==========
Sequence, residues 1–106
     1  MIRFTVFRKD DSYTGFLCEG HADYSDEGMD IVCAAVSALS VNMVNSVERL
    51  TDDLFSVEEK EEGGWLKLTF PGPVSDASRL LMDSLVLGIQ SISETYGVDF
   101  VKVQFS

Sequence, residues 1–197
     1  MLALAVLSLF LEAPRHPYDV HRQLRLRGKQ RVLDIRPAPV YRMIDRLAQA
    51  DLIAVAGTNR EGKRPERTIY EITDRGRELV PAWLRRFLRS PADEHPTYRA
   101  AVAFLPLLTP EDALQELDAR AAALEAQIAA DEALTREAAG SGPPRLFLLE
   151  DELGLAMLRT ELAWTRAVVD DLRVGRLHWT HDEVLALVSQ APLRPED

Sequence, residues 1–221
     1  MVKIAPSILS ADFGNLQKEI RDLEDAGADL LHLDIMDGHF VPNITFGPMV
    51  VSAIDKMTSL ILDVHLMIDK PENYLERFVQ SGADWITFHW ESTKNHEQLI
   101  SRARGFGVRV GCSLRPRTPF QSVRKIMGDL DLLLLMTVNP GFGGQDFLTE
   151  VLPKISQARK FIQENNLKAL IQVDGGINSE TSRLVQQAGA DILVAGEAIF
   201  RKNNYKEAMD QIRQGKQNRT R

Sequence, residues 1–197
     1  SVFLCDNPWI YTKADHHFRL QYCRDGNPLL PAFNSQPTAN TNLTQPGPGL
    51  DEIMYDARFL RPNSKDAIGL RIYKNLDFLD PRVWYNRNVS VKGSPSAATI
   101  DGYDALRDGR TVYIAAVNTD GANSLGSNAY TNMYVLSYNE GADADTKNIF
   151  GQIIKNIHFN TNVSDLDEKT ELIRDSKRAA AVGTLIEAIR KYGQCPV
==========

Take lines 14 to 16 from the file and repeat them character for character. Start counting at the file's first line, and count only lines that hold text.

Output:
   151  VLPKISQARK FIQENNLKAL IQVDGGINSE TSRLVQQAGA DILVAGEAIF
   201  RKNNYKEAMD QIRQGKQNRT R

Sequence, residues 1–197